- Only a short time before he was slated to lock up his King Street butcher shop, Jack Argue, prominent Midland businessman, suffered a heart attack and died Saturday afternoon. It was reported earlier in the week that Mr. Argue had sold his business and the new owners were to take over Monday. He was in his 49th year. Rushed to St. Andrews Hospital, Mr. Argue died en route. Funeral services were held yesterday from St. Paul’s United Church, with Rev. Wilson Morden officiating. Interment was in Lakeview Cemetery. In the butcher trade for nearly 30 years, Mr. Argue had worked in various grocery and meat stores in Midland and Collingwood before opening his own business here in 1948. He also opened a branch store in Victoria Harbour in 1954 but this was later sold. At the time of his death, Mr. Argue was assistant captain of Midland Volunteer Fire Brigade, where he had been a member for 18 years. He was prominent in IOOF circles, where he was past noble grand of his lodge, and also was a member of Caledonian Lodge, No. 349, Midland. Surviving are his wife, the former Evelyn Truax, sons Robert and William, and daughter
- The sudden disappearance of the mobile tourist booth south of Barrie on Highway 400 before the August 1 weekend caused some queries in communities in this area. ‘The booth was moved to Sault Ste. Marie where it was to attend a fair. It is unfortunate that the booth had to be removed just prior to the heaviest weekend of the season but the Department of Travel and Publicity had informed all municipalities earlier in the season the booth would only be on Highway 400 when it wasn’t booked for a definite appointment elsewhere, it was stated. The mobile unit was returned to the Highway 400 location August 5 but may disappear at intervals, during the next two months.
- “Years before the Mayflower sailed from Plymouth, these shores and the surrounding hills knew white men and white men’s dwellings, and heard the white men’s prayers.” So says Elsie McLeod Jury about Penetanguishene — the place of white rolling sand — in the opening chapter of her book, “The Establishments at Penetanguishene — Bastion of the North — 1814-1856. This is no story of sticks and stones, dimensions of buildings and dates of wars. It is the true story of men and women, their achievements and failures — hardships and frustrations as they built the naval and military establishments that were to guard Penetanguishene — ‘”the key to Upper Canada”. “Penetanguishene, home of the Hurons and then the Chippewa’s, fur trading centre, the base for Canada’s first explorers and missionaries, became the protector of a burgeoning nation, the hub from which has developed much of Canada’s story,” the author writes.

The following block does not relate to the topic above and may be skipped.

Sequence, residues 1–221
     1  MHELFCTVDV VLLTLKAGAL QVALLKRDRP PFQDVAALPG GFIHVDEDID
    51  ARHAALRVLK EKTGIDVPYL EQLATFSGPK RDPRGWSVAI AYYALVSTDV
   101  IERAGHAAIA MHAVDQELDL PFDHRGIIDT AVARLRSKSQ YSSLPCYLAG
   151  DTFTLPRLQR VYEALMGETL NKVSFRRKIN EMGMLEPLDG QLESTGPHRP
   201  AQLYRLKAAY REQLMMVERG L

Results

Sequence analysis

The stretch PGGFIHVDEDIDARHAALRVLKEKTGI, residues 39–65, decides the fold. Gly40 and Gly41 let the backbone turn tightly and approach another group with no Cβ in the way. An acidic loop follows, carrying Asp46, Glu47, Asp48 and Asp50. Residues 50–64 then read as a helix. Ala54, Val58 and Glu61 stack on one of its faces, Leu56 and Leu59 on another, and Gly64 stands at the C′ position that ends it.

- Two years after its opening, Simcoe County council is already considering enlarging Georgian Manor, the senior citizens home at Penetang. Following approval given at the June session, the home committee this week authorized an architect to draw up preliminary plans and provide estimated costs for a 50-bed addition to the Manor. When preliminary costs have been ascertained the project will again be referred to the county council, likely at the January, 1960, session. Manor Superintendent Ivan Vasey said the trend in residents of homes for the aged is changing from ambulatory to bed care. He said at the present time ambulatory applications for admission are being maintained on a current basis. There is, however, a considerable backlog of applications for bed care admission. Work on the enclosed verandah addition to the Manor, started early this summer, is nearing completion. Painting is in progress, and the installation of screens and windows will complete the job. The enclosure of what was formerly an open verandah will provide a lounging space for residents where they may view the outside world, particularly in inclement weather.
- 25 Years Ago This Week – Nearly 400,000 bushels of wheat were brought to Tiffin elevator in two days. The grain was transported from the head of the lakes by the freighters Alexander Holly and the John Ericson. * * * The Saskatoon docked with 1,575 one hundred pound bags of sugar aboard. * * * It was estimated that weeds were costing western farmers $179,200.00 annually. The amount represented about $120 per person in the rural sections of the three prairie provinces. * * * Midland tourist camp at Little Lake Park broke all records with 552 tents pitched over the Civic weekend. The figure was 42 more than the same period the previous year. * * * Nearly 6,000 persons attended a Liberal picnic at Little Lake Park, Midland, honouring Dr. G. Tanner, newly-elected member for Simcoe East. Among the speakers at the picnic were Premier Mitchell F. Hepburn and Hon. E. C. Drury, former Ontario premier. * * * Midland Preceptory of the Black Knights won first prize in a parade in Barrie commemorating the 246th anniversary of the relief of Londonderry. Some 3,000 marchers, representing 89 lodges, took part in the Derry Day procession. R. E. Simpson was the worshipful master of the Midland Preceptory. * * * The proprietor of a dance hall at Triple Bay Park announced he planned to convert the hall into 14 large-size apartment with running water and all conveniences. * * * According to a hydrographic survey, Lake Huron was 8 ½ inches lower than in July 1933, and 40 3/4 inches lower than the average level for 74 years.
- Phillip Pillsbury, chairman of Pillsbury Canada Ltd., revealed this week that W. H. Pinchin of Midland had been elected president of Pillsbury Canada Ltd. Mr. Pinchin was vice-president of the Canadian firm. He is also a director of Viceroy Manufacturing Co, Ltd., Toronto and of Tower TV Ltd. Mr. Pillsbury said that with the completion of the million-dollar consumer goods manufacturing plant in Midland this year the firm will become more energetically engaged in the consumer market.